>The September/October special issue is out. Trouble is its theme and we’ve posted a few of its articles, including Betsy Hearne’s topic-setting “Nobody Knows . . .” on the website. Take a look.
>Collecting Children’s Books has had a couple of interesting posts about books such as They Were Strong and Good and The Rooster Crows, which have been bowdlerized to reflect changing standards of “appropriateness” in regard to depictions of nonwhite characters. Those are two among several if not many; Mary Poppins, Charlie and the Chocolate Factory [...]
>Debra Lau Whelan’s SLJ article on where librarians are shelving The Graveyard Book is classic shit-stirring. The article’s lead asks a question (“Where does the book belong—in the children’s area or in the teen section?”) and then goes on to give selective anecdotal evidence to conclude that any decision to put the book in YA [...]
>After his unusual demureness in face of the star-making machinery, I’m pleased to see Philip Pullman recovering his characteristic pugnacity to defend his dark materials from the interference of the interfering Faithful: “Religion grants its adherents malign, intoxicating and morally corrosive sensations. Destroying intellectual freedom is always evil, but only religion makes doing evil feel [...]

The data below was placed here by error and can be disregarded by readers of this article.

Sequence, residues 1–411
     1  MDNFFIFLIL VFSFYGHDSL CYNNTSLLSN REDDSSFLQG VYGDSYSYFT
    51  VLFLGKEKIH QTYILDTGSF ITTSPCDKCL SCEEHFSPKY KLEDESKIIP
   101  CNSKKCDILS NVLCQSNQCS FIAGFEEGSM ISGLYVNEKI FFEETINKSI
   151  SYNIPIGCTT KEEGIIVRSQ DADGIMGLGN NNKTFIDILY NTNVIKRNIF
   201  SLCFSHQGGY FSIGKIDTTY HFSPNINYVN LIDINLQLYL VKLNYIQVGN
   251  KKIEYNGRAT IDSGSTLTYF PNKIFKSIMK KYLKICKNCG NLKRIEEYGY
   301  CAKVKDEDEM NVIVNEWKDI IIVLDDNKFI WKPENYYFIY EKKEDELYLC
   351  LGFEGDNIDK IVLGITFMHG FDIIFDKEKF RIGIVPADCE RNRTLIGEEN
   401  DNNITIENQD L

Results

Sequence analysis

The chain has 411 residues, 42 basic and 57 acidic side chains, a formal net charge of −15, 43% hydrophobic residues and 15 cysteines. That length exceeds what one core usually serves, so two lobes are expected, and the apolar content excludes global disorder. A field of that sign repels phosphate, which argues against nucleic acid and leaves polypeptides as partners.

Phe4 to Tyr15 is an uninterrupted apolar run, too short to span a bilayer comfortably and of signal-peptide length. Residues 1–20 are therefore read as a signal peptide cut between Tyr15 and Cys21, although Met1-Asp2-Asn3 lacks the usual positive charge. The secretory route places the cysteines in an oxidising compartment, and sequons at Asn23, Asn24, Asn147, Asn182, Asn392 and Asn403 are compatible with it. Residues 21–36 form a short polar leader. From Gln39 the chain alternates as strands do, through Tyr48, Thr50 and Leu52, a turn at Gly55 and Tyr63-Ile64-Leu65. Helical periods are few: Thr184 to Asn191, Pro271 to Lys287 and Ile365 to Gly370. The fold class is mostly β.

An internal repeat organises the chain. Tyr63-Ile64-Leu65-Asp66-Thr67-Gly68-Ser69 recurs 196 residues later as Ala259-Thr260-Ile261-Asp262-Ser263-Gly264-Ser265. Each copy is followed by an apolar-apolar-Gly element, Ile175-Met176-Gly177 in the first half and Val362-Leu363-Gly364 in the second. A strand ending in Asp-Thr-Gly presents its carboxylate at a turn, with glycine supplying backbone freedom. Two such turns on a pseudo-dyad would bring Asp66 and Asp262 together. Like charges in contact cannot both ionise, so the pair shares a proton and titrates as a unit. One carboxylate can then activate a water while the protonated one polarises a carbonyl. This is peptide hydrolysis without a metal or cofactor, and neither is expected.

>A complaint from an “exams invigilator” has caused Carol Ann Duffy’s poem “Education for Leisure” to be removed from the U.K.’s GCSE curriculum. Children’s Laureate Michael Rosen is quoted being sensible (“Of course we want children to be talking about knife crime and poems like these are a terrific way of helping that happen. Blanket [...]
>I wouldn’t elect Sarah Palin to anything, but this old censorship charge is really reaching. As far as we know, as mayor of Wasilla she asked the public library director three times about the possibility of removing “objectionable” books from the collection. Three times the director said no. (Positively biblical!) Then Palin tried to fire [...]